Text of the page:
Editor's Note: This is an ongoing series which runs each Thursday morning titled the Richland Chronicles, by author Paul Lintern. It is set in the 1800s and tells the story of Richland County through the eyes of young people. The books are available from Lintern for $25 a set, tax and shipping included. Each book is about 120 pages written for intermediate readers (4th grade) with local illustrations. Volume I is Amelia Changes Her Tune. Volume II is Isaac and Wolf Paw Find Their Home. Volume III is Autumn Keeps Her Secret. Volume IV is Mr. Gamble Starts a School. Volume V is Jacob Blows his Horn. Volume VI is Cassie Fights the War. Volume VII is Emilene Adopts Her Family. Volume VIII is David Dances the Bases.
Natalie loved the first moments of the day, when her eyes popped open and she realized she could see without a candle. It meant there was something to discover.
She loved this time of year because every day the sun came a little bit earlier, and rose a little bit farther north of the farm.
She loved May because things were growing with great abandon, the trees smelled flowery and fresh, the water was abundant and the earth seemed soft.
She hopped out of bed, threw on her clothes, clothes for a country girl, clothes little different that what her grandmother wore when she grew up on this farm. A simple shriff from shoulder to toe, pantaloons to cover each leg, a muslin underdress to give body to the outer dress, which had a fullness of skirt, hardy long sleeves, a frilly collar and a bow tied in back around her waist.
A bonnet holding in her long blonde hair completed the ensemble.
Around the farm, it didn’t need to be a dress, and Cassie shook her head whenever she saw Nat running to the barn like she was going to a dance. It was everything Grandma Autumn could do to get daughter Cassie to wear a dress at that age (and, truth be told, Autumn did not try very hard because she had been the same way, especially here at the Oakland Inn).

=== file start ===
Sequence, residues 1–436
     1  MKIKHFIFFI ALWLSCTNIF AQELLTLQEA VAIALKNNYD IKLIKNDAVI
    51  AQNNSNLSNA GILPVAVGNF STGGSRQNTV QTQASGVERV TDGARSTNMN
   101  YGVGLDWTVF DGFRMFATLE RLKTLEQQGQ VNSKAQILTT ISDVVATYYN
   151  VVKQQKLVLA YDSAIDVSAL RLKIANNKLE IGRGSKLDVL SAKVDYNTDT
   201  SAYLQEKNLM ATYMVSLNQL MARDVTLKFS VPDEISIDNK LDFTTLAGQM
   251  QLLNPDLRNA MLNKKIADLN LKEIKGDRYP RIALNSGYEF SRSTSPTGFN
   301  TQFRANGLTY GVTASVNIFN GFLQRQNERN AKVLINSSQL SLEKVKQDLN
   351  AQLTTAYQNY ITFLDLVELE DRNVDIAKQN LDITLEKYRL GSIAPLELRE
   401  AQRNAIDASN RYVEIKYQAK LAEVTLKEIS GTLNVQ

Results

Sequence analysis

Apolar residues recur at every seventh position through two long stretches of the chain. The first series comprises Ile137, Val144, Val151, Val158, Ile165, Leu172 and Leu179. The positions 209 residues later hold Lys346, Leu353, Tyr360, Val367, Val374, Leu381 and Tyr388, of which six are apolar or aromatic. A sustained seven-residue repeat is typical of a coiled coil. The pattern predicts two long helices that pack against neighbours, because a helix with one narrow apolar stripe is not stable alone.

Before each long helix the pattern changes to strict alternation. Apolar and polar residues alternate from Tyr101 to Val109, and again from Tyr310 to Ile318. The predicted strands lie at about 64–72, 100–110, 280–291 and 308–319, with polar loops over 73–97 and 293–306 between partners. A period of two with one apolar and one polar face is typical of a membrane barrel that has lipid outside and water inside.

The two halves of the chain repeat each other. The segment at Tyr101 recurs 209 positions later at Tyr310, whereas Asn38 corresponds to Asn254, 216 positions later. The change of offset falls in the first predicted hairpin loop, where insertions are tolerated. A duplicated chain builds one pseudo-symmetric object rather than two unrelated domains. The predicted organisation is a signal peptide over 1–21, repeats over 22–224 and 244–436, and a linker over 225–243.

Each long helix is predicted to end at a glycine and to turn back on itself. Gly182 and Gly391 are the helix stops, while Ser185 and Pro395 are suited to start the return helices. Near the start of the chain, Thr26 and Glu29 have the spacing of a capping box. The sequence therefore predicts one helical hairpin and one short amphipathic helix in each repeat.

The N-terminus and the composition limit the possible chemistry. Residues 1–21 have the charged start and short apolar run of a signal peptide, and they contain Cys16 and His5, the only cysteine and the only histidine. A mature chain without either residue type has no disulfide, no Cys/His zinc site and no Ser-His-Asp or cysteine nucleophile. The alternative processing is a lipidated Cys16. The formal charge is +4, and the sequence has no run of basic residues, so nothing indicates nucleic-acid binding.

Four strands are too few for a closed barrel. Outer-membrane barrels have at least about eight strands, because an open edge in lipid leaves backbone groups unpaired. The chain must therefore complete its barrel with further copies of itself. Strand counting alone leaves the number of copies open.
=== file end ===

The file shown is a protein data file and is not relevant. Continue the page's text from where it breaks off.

Nat spend a lot of time alone, and she loved it. Of course, she would say she is never alone, what with Emilene’s Winnie the goat, and the triplet kids that already were at the farm, and their goat mother, and Rhoda the cow, and their four horses, including her Halflinger, Chestnut.
They all resided in the barn and made loud, cheerful bleats and neighs and moo’s when she ran in, mostly because she was their tender — feeding up, brushing down, cleaning out, filling in.
The other side of the barn also held 30 sheep, but Natalie did not tend to them so much; that was father’s side business, and he felt it was more than a 10-year-old daughter should be required to do.
“When you are eleven, however…” he smiled at her recently.
John Martin Burns, Natalie’s Father, had grown up in Hanoverton, Ohio, half a day’s train ride east. He and Cassie met when their families were traveling east, Cassie and her mother to Boston, Massachusetts, and “Marty” by himself to visit his grandfather in Gettysburg, Pennsylvania. They each were only 12.